PLUCK AND PASSION

Playwright-In-Residence Madeleine George Interviews Cyrano Co-Playwrights Jason O’Connell and Brenda Withers 

Madeleine George

Why Cyrano? What is it about this story that makes it such a perennial favorite over time, do you think?

BW: It’s such an expansive story—at the center is a heartbreaking love triangle, but I find the peripheral battles just as captivating. It’s rare that a piece truly contains “something for everyone,” but I’d say Cyrano manages it. Poetry, passion, piety, pride—and that’s just the p’s.

JOC: It also feels like a universal cautionary tale about self-perception and the premium we place on physical beauty. I’ve said this before, but I feel there’s a strain of adolescent fantasy that runs through the play. Those warring self-images that fill all our teenage daydreams—simultaneous visions of exceptionalism and worthlessness—are so heartbreakingly encapsulated in the character of Cyrano. He knows he’s the greatest yet fears he’s the least. As uniquely accomplished and distinguished as the character is, he is also, to my mind, very much Everyman.

And why now? Was it just Jason’s hunger to play the juicy title role (!) that made you want to open this piece up, or is there something about this timeless story that’s timelier than we might guess?

JOC: The truth is that—while this is indeed a role I’ve always wanted to play!—the idea for us to collaborate on our own adaptation was pretty much dropped in our laps! Just over two years ago, Kathleen Anderson Culebro, the Artistic Director of Amphibian Stage in Fort Worth, TX, reached out to me about directing a small-cast version of Cyrano for her theater. I was very excited by the prospect, but the scripts we knew of which had been built for smaller casts didn’t really speak to us. Kathleen suggested that I write a brand-new adaptation, which—while an intriguing idea—felt like a verrrrrry tall order (especially considering that we were only four months away from the first rehearsal). It was then that she suggested I write it with Brenda Withers. The amazing thing is that Kathleen had no idea that Brenda had actually been one of my dearest friends for the last 18 years! It felt like a sign, and so—despite the seeming impossibility of the task—Brenda and I decided to take the leap. It all began with Kathleen, though. The idea of taking on the role for Two River and HVSF came along after John Dias and Davis McCallum saw that first production down in Texas.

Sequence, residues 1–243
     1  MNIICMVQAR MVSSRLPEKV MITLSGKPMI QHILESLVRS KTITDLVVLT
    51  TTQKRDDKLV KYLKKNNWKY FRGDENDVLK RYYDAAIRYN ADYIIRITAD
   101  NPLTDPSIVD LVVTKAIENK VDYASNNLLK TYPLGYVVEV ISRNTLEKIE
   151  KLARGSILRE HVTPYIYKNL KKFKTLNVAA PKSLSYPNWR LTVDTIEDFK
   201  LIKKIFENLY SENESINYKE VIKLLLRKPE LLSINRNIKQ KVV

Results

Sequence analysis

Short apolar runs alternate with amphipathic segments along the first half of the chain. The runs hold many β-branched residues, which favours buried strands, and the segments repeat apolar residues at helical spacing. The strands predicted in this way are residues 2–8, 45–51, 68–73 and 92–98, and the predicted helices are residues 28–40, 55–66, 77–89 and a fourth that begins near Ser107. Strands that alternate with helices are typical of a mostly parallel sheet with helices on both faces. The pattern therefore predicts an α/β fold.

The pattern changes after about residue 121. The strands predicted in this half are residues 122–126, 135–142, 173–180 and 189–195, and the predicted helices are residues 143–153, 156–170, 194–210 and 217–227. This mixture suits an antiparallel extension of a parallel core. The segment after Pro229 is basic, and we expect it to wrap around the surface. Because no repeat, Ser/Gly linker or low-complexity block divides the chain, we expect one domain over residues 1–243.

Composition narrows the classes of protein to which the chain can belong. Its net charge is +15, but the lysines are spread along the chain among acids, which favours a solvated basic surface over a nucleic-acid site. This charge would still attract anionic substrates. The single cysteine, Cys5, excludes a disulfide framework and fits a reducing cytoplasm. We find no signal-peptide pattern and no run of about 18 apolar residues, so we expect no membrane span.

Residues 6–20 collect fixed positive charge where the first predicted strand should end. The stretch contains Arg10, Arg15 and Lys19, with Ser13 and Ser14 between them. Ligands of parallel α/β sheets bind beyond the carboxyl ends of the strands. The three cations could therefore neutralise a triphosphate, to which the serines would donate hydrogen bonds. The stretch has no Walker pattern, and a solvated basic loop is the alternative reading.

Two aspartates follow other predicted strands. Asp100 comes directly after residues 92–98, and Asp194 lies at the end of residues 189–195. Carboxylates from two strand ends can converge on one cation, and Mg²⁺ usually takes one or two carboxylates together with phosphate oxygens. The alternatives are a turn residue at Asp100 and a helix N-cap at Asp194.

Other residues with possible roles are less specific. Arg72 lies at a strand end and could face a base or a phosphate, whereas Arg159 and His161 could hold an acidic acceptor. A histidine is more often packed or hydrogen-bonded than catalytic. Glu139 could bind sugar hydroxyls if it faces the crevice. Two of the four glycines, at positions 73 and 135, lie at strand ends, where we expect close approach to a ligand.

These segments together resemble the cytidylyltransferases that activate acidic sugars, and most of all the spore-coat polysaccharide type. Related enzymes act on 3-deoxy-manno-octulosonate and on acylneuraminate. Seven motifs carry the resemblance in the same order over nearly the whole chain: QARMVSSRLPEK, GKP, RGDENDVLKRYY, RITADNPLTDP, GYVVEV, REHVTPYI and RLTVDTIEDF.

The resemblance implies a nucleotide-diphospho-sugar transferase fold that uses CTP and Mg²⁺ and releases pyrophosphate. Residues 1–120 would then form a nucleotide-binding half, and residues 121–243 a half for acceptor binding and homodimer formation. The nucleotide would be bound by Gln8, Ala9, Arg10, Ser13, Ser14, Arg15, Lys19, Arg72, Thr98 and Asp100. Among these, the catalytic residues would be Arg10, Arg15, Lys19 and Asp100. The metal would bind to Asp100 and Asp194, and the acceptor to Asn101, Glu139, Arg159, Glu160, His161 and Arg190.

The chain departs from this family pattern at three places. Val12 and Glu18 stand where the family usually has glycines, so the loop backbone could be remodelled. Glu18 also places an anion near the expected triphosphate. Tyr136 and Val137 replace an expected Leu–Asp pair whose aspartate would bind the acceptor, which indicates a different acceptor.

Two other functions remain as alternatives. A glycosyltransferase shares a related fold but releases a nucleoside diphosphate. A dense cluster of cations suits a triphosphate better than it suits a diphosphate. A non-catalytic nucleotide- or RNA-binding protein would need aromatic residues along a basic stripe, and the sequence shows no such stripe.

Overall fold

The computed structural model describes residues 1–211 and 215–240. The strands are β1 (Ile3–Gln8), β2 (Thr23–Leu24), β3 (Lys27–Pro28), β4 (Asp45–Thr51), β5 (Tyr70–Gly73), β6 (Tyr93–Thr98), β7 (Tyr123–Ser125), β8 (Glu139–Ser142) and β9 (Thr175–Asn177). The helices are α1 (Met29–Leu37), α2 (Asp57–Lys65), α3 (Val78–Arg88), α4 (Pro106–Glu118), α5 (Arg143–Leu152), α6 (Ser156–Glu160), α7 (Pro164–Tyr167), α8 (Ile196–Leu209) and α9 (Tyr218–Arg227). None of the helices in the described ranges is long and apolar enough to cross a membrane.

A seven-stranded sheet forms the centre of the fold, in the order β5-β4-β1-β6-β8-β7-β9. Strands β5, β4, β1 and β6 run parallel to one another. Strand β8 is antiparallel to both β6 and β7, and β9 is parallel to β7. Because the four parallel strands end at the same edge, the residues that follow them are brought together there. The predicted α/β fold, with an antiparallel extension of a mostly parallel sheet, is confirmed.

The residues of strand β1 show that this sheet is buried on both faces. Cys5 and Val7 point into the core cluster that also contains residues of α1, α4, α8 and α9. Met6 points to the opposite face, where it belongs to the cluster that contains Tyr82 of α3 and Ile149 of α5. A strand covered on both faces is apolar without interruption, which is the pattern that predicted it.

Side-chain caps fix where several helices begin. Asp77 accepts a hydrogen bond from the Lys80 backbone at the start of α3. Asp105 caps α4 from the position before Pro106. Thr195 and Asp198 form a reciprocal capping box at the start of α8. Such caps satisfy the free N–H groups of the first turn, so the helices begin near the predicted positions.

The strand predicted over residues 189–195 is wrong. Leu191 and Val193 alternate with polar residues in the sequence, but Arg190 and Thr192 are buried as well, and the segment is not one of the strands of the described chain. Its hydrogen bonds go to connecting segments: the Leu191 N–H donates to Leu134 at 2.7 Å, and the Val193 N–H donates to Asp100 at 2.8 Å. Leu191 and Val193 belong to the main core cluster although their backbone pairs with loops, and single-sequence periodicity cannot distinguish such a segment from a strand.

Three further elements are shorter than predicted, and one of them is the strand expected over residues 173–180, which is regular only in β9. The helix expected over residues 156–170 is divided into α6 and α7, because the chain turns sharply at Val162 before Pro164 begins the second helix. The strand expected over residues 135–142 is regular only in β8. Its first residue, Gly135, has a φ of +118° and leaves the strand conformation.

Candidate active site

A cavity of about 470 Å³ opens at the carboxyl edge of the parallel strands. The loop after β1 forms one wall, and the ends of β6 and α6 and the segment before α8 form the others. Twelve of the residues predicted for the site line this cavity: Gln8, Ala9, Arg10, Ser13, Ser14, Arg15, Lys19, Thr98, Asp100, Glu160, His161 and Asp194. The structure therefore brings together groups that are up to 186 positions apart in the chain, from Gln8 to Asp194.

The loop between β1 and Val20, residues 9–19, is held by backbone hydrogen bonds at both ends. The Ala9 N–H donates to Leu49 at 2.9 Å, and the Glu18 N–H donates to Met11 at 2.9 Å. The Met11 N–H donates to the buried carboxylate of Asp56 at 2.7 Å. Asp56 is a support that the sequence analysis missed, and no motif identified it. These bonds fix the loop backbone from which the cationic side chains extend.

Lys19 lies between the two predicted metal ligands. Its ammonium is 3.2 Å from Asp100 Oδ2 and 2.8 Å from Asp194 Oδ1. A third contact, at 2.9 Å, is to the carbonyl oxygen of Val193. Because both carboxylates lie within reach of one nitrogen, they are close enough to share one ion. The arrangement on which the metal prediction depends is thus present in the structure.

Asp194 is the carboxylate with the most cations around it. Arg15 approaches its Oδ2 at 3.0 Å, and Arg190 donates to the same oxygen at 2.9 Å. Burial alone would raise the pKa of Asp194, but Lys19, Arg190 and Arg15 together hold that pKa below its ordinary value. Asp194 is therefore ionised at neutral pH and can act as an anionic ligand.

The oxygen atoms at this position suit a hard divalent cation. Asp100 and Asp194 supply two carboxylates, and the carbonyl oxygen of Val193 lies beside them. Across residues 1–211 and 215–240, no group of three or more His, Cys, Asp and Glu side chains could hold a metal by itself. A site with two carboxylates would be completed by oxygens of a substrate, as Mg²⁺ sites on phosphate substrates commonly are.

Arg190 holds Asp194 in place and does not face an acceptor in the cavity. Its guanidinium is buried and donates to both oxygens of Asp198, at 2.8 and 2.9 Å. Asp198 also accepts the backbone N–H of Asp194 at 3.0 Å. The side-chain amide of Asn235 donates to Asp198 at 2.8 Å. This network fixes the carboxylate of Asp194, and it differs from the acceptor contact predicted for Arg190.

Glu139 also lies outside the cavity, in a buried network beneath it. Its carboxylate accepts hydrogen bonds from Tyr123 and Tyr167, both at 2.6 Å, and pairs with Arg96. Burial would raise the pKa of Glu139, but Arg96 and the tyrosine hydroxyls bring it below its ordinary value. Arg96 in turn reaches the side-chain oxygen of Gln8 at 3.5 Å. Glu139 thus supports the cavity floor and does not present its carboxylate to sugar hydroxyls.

Do you think of Cyrano as a romantic comedy in the traditional sense? Or is it more than just a romantic comedy?

JOC: To be sure, Cyrano has all the hallmarks of a traditional romantic comedy (or, more accurately, it has all the hallmarks of about 75% of a traditional romantic comedy), but it goes to different, more complicated places. Mainly, this is because, despite the dramatic liberties Rostand takes in his storytelling, Cyrano de Bergerac was an actual man and his life took turns that don’t line up with the classic Hugh Grant/Meg Ryan rom-com structure. (Side note: How did those two not make a movie together?) That said, it is understandable that one would think of Cyrano in those terms—not only because the plot zigs where one imagines it might zag, but because our most famous modern-day cultural touchstone for
the story is probably Steve Martin’s 1987 film, Roxanne, which is structured as a traditional (and quite delightful) romantic comedy. It was certainly my first exposure to the story and it remains a great favorite.

BW: As a person who has watched Bringing Up Baby about one million times, I’m probably a bad candidate for identifying what could be “more” than a romantic comedy. Honestly, I think it’s such a potent genre, because, as with Cyrano, a romantic entanglement opens the characters’ hearts and allows them to approach other big ideas with vulnerability—class, war, corruption, community. In everything from Much Ado About Nothing to Born Yesterday to You’ve Got Mail, the light touch makes heavy issues palatable, and reaches audiences in ways they don’t see coming.

How have you kept Rostand close in your adaptation, and how have you let him go?

JOC: I like the way you phrase the question—it makes it feel like a dance. And, as they say to kids at a middle school prom, you always want to “leave a little room for the holy spirit.” Adaptation, for my money, requires a delicate balance between honor and irreverence. Respecting the heart and soul of the original, while bringing something new to the party. I think Brenda and I are both a little like Cyrano, which helps—we’re romantics with a shared love of poetry and language, and mischievous clowns who like to upend the status quo whenever we can.